"These kinds of thoughts cause a reversal of our body's electrical system, blocking any attempts to heal. In its normal state, our body's electrical field is aligned with a "+" charge on the top of the head, "–" charge on the bottom of the feet. Psychological reversal makes it literally impossible for a person to take in any positive interventions because her/his energy flow is running the opposite direction. The set-up phase of EFT work — tapping on the karate chop point while saying the self-acceptance phrase — allows for successful correction of PR that shifts the body's electrical system so that there is a new receptivity to healing. It's done at the beginning of your tapping session."
In situations where PR is persistent, Hsing suggest another correction method developed by Devi Nambudripad, founder of the NAET method. It is done by pressing firmly on the spot between the nose and upper lip and two fingers. At the same time, use the other hand to cup the base of the skull, and hold this position for a few minutes.
Emotional First Aid
In addition to being responsible for many one-minute-wonders of spontaneous healing of physical symptoms, pain, phobias, addictions and long-standing emotional disturbance, tapping techniques also act as an effective self-healing tool for ongoing health maintenance and emergencies. In her book, Roberta Temes writes, "Tapping seems to quickly and permanently separate a particular memory from its negative feeling. After tapping, you are capable of thinking about or talking about a previously unbearable memory without having an emotional reaction….Tapping eradicates the emotional pain of trauma, and permits calmness in situations that previously caused fear or panic."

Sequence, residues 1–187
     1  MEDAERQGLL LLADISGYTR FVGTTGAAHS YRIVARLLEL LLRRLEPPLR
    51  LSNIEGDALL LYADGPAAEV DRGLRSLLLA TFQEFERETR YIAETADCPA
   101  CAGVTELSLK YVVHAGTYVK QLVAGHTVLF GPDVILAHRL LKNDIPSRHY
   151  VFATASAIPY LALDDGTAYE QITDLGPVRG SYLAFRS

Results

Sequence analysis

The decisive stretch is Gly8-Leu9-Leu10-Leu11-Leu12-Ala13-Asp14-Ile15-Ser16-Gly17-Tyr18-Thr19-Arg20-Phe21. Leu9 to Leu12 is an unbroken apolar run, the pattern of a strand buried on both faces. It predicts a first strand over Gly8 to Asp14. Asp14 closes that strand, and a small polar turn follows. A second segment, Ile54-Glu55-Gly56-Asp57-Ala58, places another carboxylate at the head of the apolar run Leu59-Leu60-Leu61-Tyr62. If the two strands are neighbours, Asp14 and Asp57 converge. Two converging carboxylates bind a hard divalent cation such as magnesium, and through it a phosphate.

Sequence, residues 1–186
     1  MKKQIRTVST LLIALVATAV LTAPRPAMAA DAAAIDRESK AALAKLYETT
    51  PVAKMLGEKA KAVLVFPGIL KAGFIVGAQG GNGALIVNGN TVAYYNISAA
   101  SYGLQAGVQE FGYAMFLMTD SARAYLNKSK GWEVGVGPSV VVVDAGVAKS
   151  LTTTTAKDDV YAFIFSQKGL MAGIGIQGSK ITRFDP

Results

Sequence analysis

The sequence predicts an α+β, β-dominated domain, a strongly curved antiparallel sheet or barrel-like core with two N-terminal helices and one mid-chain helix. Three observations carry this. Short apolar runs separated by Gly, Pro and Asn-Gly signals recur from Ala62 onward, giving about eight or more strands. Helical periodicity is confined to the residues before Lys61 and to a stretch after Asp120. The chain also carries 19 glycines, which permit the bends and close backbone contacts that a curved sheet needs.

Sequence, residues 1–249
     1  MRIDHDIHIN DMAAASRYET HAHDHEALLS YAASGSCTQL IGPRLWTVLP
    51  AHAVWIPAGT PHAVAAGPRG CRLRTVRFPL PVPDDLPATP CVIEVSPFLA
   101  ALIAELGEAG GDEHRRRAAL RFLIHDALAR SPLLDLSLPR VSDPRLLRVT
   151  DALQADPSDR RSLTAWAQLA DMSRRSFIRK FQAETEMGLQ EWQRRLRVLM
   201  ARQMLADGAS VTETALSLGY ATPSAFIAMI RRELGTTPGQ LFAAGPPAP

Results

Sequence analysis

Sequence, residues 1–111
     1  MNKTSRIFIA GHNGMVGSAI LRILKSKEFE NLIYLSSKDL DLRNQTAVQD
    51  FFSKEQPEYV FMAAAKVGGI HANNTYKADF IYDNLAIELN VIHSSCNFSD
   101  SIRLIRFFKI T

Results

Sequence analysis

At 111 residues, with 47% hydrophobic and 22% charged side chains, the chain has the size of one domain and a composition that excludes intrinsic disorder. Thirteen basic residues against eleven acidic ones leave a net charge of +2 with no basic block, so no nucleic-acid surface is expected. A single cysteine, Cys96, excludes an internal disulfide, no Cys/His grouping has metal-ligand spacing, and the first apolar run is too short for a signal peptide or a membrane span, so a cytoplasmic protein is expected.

Hsing agrees. "EFT stands out as a powerful self-help tool — flexible, easy to learn and use, and especially great as emotional first aid. For me, it works better than breathing, visualization, finger holds and many other techniques I've tried. These days I like to use tapping to help me open my heart wider and have more compassion. I tap on the points and say, "I send compassion to myself…the body, the cells, all of the suffering — mine and the world's…Tapping involves the body and mind in such a simple way by moving the energy in the body and opening the mind to self-acceptance and positive changes. So one round of tapping is doing a lot all at once, in less than a minute's time in most cases. Relief can be just a few taps away."
Carol Bedrosian is the publisher and editor of Spirit of Change and a daily practitioner of holistic health self care.